“I hope the government will help to build this bridge soon,” she said.

umlazi ferry
Kwanele Masondo explains how much he makes ferrying people on his makeshift boat. (Photo: Phumlani Thabethe)

Kwanele Masondo, a 21-year-old from the informal settlement near Umlazi, is one of the youngsters running the boat business. He said they decided to help people who had been affected by the floods. 

“We helped residents salvage their belongings from their shacks. But we also saw a group of people wanting to cross the river to get to schools, work, hospitals and clinics in Chatsworth. 

“That is when I came up with the idea of building my own small boat,” he said.

Read in Daily Maverick: “KZN families reeling from April floods suffer flashbacks and anguish in wake of second deluge

Masondo said he used material from a tarpaulin, pieces of masonite, wood and ropes to build his boat. He charges R2 for schoolkids and R5 for adults to take the short ride across the river.

“It might not look good, but it is safe enough. I carry up to four people per ride,” he said. 

“I make anything between R200 and R400 a day… there are less and less people who are using our boat because some are risking it by crossing the river on foot.”

umlazi crossing
Some residents prefer to cross the river on foot as they cannot afford the boat trip. (Photo: Phumlani Thabethe)

Mhlengi Mjilo (18) also built a boat. “We wake up at four in the morning, when the water is still freezing, and we finish at 7pm when it is very cold.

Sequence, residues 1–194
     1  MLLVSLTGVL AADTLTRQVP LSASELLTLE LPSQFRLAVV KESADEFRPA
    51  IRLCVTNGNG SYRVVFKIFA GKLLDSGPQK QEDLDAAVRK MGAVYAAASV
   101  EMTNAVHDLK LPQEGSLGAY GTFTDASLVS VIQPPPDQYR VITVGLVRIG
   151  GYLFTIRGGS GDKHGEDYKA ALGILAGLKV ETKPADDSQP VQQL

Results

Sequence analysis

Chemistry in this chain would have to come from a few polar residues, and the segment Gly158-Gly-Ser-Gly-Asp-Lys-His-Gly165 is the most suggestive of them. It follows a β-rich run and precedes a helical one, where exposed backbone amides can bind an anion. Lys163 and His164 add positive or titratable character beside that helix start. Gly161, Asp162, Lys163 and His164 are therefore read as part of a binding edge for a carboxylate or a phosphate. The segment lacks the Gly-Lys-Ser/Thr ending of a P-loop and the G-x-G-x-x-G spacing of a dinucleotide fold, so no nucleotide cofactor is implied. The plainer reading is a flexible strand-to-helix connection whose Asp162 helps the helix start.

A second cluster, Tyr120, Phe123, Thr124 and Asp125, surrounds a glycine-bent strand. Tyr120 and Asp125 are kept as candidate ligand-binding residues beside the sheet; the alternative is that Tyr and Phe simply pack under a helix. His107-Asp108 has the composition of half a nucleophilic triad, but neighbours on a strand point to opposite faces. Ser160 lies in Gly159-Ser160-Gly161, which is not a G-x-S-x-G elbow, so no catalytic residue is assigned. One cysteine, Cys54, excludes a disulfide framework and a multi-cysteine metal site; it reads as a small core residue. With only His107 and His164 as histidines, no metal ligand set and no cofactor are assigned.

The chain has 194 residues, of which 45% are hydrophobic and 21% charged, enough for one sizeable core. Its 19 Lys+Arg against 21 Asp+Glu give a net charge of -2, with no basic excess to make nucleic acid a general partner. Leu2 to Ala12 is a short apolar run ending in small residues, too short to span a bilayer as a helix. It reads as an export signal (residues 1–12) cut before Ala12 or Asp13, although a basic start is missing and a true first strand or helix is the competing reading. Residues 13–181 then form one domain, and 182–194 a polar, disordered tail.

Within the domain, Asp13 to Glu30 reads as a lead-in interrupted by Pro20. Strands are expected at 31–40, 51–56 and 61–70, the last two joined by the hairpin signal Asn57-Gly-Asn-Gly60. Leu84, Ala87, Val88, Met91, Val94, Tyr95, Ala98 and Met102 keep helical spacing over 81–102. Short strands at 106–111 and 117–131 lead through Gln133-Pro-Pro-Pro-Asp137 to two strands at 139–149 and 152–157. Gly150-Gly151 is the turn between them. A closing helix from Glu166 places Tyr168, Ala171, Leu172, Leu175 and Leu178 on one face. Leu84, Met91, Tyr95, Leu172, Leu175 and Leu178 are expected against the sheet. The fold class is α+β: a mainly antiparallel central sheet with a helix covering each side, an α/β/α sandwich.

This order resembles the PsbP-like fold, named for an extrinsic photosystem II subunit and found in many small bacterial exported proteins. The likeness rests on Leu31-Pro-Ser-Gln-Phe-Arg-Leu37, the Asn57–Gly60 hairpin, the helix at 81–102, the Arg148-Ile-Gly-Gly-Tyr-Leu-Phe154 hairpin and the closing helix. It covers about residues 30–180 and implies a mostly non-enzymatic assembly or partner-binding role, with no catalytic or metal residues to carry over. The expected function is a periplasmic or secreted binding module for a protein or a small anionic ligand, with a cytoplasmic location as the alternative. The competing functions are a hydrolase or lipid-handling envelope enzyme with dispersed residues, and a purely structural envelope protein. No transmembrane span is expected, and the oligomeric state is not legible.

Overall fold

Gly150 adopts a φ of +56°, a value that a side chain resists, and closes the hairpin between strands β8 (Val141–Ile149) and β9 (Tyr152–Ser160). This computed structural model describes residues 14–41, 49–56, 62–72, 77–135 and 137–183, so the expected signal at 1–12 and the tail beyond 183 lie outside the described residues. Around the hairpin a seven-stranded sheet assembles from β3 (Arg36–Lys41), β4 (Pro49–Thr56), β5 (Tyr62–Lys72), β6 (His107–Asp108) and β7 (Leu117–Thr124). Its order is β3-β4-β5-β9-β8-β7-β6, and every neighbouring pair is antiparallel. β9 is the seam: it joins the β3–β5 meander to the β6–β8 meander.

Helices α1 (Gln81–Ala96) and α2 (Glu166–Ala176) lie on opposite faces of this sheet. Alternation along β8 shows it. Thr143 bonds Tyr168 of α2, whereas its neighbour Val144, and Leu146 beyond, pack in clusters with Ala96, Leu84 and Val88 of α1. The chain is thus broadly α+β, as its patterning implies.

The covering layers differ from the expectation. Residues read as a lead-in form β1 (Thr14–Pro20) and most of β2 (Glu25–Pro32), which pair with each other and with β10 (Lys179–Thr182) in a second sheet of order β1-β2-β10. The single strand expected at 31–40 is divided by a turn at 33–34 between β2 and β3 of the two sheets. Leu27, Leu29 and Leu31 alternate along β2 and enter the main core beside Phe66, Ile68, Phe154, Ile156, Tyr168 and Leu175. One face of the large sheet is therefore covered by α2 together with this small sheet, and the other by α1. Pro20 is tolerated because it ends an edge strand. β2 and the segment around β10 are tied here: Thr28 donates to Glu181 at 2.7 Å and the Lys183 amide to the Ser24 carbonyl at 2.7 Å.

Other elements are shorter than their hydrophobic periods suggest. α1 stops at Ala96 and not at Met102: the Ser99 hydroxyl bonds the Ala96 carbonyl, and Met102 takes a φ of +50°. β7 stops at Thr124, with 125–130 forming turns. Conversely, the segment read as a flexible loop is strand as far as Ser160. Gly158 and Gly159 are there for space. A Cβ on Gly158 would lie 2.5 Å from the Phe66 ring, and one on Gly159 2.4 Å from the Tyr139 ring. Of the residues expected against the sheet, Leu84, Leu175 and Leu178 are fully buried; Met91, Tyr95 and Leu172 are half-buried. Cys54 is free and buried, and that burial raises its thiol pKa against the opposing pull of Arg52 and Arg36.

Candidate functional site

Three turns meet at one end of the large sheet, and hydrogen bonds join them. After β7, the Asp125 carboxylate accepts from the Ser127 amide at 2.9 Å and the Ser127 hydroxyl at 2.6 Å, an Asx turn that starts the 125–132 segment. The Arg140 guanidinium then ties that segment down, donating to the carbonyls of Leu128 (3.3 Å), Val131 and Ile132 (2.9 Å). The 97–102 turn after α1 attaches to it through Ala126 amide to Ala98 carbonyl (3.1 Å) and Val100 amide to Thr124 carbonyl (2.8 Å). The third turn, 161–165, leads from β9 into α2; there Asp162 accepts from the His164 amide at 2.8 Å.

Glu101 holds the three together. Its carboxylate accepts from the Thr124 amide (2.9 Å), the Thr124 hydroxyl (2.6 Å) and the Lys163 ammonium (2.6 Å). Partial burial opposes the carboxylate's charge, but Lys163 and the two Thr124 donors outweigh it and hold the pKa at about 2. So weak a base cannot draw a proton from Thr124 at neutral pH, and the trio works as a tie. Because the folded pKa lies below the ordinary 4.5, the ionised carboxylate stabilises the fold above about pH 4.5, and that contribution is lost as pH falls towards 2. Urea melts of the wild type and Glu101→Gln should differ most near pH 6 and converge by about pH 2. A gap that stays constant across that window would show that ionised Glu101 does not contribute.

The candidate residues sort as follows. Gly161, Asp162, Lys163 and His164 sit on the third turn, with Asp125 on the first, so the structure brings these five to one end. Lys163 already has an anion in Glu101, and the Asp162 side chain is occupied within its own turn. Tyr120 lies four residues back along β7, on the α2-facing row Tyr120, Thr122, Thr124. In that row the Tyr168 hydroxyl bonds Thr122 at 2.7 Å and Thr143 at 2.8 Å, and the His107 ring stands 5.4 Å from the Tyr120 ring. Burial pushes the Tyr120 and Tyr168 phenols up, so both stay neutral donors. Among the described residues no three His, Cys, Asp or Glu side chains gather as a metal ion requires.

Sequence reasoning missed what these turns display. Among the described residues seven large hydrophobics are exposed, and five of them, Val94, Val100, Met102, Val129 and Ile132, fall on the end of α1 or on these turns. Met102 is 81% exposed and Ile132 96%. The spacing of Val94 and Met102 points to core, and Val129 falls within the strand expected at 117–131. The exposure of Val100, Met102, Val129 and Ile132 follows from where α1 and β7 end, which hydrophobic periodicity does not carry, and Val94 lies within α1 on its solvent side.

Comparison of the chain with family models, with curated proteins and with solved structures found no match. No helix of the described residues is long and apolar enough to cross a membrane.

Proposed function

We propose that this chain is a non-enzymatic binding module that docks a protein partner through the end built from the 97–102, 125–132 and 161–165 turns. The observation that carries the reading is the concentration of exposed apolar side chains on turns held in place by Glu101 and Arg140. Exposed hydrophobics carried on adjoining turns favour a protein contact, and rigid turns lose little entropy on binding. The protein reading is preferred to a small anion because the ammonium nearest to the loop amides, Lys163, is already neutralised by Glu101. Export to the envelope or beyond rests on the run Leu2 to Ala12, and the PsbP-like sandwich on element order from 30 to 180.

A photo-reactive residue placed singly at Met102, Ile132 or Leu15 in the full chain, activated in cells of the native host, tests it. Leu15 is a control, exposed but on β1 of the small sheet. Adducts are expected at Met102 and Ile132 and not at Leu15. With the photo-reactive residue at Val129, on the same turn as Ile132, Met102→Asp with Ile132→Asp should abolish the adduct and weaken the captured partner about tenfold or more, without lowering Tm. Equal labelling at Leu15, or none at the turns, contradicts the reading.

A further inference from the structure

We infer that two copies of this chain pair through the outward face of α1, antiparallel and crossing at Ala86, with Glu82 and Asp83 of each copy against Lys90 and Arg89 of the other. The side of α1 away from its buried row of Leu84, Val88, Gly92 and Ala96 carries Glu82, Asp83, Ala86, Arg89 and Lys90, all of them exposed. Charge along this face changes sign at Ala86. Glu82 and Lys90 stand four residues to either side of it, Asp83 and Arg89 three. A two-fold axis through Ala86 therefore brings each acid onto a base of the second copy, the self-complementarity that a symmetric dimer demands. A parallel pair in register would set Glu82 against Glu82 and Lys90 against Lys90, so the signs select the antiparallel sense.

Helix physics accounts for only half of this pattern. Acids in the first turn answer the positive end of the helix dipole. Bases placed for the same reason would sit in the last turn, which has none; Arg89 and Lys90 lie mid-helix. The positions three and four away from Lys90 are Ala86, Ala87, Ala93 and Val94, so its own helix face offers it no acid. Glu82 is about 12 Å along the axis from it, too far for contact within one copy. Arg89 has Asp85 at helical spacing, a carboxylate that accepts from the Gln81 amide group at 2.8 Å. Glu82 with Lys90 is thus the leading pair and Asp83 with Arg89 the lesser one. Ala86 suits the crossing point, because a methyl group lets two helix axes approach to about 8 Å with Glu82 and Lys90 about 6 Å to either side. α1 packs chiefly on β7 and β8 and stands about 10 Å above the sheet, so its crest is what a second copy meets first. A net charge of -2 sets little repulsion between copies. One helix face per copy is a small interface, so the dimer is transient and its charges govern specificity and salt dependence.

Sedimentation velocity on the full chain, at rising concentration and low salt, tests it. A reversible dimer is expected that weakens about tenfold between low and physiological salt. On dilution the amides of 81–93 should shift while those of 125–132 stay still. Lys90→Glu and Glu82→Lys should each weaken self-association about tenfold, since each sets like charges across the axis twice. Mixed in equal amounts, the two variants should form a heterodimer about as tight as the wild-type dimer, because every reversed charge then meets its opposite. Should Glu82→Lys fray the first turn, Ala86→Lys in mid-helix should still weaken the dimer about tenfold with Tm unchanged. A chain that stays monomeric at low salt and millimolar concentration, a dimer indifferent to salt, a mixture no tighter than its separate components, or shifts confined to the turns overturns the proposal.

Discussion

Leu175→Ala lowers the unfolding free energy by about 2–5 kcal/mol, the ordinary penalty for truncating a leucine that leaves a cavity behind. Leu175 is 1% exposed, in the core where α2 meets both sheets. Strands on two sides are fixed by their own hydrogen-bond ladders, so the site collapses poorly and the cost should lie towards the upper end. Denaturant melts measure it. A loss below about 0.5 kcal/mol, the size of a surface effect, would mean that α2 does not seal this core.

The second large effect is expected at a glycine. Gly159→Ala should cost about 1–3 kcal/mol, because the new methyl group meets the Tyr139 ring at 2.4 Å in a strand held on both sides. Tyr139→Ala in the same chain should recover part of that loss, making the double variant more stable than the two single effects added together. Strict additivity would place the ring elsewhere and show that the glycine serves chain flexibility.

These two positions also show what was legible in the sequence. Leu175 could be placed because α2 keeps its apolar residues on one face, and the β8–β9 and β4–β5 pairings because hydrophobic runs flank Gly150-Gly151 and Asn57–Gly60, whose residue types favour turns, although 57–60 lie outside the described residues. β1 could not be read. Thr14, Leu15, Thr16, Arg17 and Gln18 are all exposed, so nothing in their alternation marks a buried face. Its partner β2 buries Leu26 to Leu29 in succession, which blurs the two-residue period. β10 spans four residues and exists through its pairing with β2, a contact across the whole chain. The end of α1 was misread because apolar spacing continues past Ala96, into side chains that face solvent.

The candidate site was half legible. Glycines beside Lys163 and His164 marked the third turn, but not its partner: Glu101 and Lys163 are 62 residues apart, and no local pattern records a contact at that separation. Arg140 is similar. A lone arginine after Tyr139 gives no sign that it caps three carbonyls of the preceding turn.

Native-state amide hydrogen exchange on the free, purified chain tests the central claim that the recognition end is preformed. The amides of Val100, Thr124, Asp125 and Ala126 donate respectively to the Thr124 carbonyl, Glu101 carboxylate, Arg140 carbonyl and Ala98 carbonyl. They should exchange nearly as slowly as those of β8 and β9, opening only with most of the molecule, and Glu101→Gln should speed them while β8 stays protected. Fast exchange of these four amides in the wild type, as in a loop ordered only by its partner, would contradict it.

“You have to know how to swim. There have been incidents where the boat capsized due to heavy passengers. I have had to rescue three pupils.”

Some of the schoolchildren said they lost their books after the boat capsized.

Although it has been almost two months since the floods, the eThekwini municipality doesn’t have any clear answers on when infrastructure such as this pedestrian bridge will be repaired or replaced.

eThekwini deputy mayor Philani Mavundla said on Tuesday that the city had limited resources and was waiting for the national government to transfer the funds to rebuild bridges, roads and houses destroyed by the floods.

Read in Daily Maverick: “KZN flood disaster: ‘Water was quickly rising and I saw that my house would fall’

Answering questions in the National Council of Provinces in Cape Town on Thursday, Deputy President David Mabuza said progress was being made to rebuild critical infrastructure in KwaZulu-Natal.

“The (KZN) provincial government is working together with the national government to find resources to rebuild damaged infrastructure in the affected communities.

“The third phase will be a long-term one, which is reconstruction and rehabilitation, with a focus on building back better,” said Mabuza. 

However, Finance Minister Enoch Godongwana told Parliament on Tuesday that the government haDn’t yet finished the first phase of immediate relief for the KwaZulu-Natal floods disaster.

He told MPs the delay was due to government departments’ failure to submit the correct documentation. DM



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  • The people who failed to submit the correct documentation are ANC deployees who can’t read or write. How do you expect them to comply with procedures Mister Finance Minister? Compliance is the antithesis of anything the ruling party is capable of. However, the stupid electorate will elect the same brain dead tomorrow, without a doubt. Meanwhile, be ready to cross rivers without bridges.